10. Steven Matz finally had that meltdown inning he had avoided all second half. That six run inning cost the Mets a chance of winning that game. Overall, we should not read too much into it as it is Coors Field, and he has been just that good of late.
11. In July and August, when the Mets saved their season going from 10 games under to the thick of the Wild Card race, Michael Conforto was their best player (1.6 fWAR highest among Mets position players). In September, he has completely fallen apart hitting .150/.239/.283. The team desperately needs him to get back on track.
12. When Todd Frazier was hit on the hand, it appeared his Mets career was effectively over. Fortunately, he has been able to play after a few days off, and he has contributed going 2-for-6 with an RBI and two walks in addition to his good defense over the last two games.
13. To the shock of everyone, Jeurys Familia came into the game yesterday, and with runners on second and third, he struck out Ryan McMahon to keep the game at 4-2 allowing the Mets to make that comeback.
14. If the Mets are going to pull this off, they are going to need relievers like Familia to step up because the team cannot only rely on Lugo and Justin Wilson. On that front, the Mets bullpen did acquit itself well in this series allowing just five runs over 11.1 innings (3.97 ERA).
15. The Mets designated Eric Hanhold, a promising young reliever, for assignment, and he was claimed by the Baltimore Orioles. Instead of keeping him, the Mets replaced him on the 40 man roster with Donnie Hart, who has yet to pitch in September, and they kept Chris Mazza, who has a 6.43 ERA and has pitched just once this month. That’s an example of just how incompetent Brodie Van Wagenen is.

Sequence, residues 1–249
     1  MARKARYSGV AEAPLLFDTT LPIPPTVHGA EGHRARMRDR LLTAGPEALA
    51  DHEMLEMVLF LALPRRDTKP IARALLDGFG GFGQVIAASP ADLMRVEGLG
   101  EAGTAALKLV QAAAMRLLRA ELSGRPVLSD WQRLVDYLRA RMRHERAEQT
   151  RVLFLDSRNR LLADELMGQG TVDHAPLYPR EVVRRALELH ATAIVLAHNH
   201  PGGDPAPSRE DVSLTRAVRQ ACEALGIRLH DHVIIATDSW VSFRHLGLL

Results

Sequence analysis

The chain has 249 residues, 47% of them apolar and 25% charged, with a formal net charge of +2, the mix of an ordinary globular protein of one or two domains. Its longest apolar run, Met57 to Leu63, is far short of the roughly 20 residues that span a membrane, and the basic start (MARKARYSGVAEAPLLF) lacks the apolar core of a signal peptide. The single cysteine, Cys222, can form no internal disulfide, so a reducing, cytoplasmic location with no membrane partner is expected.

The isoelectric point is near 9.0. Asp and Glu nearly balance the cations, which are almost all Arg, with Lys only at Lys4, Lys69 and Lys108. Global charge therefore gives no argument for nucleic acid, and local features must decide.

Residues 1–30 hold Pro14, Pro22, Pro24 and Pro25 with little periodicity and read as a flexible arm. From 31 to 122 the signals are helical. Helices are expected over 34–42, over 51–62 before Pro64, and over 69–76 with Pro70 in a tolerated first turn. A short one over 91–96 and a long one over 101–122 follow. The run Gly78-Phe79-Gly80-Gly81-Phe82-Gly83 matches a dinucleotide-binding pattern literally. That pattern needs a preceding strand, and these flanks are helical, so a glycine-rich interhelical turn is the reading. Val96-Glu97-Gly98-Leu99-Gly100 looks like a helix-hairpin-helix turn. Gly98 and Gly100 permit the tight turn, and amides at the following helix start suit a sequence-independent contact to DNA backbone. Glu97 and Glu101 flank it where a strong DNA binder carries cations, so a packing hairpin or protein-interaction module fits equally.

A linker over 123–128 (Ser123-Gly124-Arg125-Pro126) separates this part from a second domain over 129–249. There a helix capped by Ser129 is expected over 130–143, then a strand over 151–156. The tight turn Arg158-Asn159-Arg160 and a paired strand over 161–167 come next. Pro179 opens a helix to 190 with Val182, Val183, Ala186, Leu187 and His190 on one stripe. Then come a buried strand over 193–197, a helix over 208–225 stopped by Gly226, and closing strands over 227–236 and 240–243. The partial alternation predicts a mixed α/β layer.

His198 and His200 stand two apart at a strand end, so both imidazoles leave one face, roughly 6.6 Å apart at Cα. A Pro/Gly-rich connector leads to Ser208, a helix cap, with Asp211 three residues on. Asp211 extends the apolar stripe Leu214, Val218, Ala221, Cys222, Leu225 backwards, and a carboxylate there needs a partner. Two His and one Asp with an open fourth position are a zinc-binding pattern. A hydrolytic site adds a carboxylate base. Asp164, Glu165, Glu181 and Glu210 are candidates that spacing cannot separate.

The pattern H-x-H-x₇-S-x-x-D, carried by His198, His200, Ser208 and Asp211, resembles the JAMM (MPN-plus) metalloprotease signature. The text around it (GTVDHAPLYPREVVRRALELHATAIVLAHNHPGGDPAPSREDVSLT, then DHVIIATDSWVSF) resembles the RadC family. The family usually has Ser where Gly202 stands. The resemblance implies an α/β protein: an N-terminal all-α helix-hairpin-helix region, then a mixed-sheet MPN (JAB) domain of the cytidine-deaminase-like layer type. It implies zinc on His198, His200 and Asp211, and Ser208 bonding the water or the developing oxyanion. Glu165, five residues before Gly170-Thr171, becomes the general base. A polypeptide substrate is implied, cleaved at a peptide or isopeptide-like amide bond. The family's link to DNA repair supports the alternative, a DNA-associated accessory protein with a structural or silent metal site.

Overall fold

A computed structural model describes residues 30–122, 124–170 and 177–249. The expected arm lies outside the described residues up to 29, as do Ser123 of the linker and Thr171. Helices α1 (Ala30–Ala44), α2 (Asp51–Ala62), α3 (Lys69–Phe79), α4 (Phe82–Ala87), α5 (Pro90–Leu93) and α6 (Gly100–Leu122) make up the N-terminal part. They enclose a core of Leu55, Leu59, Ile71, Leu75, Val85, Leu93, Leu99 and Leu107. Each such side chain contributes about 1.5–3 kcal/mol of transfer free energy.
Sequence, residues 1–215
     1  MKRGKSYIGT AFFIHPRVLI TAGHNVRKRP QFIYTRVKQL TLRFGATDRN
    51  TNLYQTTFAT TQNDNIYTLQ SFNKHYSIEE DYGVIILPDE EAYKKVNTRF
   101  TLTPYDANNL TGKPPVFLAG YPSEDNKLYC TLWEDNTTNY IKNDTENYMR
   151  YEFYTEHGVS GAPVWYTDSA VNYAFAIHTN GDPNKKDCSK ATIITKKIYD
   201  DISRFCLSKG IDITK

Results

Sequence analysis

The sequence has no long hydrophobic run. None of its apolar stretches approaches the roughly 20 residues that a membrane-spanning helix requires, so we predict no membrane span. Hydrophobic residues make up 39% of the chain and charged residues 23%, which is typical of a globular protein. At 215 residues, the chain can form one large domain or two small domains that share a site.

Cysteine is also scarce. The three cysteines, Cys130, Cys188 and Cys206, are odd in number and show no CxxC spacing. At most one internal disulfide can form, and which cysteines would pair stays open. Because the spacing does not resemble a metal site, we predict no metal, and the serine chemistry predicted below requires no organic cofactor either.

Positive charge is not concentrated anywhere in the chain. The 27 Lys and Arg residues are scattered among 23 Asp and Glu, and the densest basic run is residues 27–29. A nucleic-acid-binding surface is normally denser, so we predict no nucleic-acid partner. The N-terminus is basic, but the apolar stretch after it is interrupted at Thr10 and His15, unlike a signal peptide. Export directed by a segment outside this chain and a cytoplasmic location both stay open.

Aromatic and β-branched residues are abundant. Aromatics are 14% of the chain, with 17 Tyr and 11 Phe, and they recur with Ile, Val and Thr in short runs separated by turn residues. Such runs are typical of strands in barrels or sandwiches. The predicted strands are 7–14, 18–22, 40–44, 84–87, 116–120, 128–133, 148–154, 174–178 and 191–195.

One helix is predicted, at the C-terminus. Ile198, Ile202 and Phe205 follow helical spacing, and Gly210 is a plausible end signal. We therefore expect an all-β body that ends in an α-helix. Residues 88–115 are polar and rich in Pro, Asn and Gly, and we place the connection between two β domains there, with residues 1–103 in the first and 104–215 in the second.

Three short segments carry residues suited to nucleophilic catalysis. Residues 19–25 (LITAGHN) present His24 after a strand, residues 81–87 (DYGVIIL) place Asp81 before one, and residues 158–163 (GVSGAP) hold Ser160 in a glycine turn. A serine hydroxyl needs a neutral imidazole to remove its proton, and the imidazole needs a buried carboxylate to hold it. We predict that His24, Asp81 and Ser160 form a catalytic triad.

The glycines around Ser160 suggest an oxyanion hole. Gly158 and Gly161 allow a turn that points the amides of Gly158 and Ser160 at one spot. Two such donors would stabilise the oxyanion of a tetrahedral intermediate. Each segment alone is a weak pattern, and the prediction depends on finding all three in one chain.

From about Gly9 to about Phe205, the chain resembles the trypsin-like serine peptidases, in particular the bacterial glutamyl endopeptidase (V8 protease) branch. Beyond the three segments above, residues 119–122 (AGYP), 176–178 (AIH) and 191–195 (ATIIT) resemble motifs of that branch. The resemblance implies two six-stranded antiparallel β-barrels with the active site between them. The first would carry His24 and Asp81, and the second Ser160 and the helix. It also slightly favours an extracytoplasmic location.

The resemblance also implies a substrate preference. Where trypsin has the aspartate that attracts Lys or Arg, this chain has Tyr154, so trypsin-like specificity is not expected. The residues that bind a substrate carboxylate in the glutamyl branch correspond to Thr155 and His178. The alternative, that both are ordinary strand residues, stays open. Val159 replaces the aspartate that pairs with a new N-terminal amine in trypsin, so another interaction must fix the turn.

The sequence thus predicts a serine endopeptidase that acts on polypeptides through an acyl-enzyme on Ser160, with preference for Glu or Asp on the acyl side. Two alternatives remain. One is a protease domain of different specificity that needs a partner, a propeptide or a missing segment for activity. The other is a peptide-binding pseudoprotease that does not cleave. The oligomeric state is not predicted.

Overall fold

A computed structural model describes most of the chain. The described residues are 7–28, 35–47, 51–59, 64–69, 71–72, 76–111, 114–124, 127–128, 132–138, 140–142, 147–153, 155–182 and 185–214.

16. Jed Lowrie finally got on base drawing a walk making him 0-3 with a walk this year.
17. Perhaps the Mets player who came up biggest in this series was Amed Rosario. He was 2-for-4 in the first two games, and he hit the key homer on Tuesday giving the Mets life. Overall, this was just the latest example on how he is figuring things out, and he is going to be a big part of the Mets going forward.
18. Say what you will about the Rockies, but that team can play defense. In fact, between their being great defensively, and the Mets not being good defensively, the Rockies almost pulled out this series. That would have been a disaster.
19. The Mets owe a debt of gratitude to the Padres and Reds for pulling out those wins last night. It is still an uphill climb, but three back in 10 games is possible.
20. The Mets still being alive this late in the season is a miracle. They may still have to run the table, and they have the schedule to do it. However, that still may not be enough. That makes this all just a fascinating end to this season. We should all continue to enjoy the ride.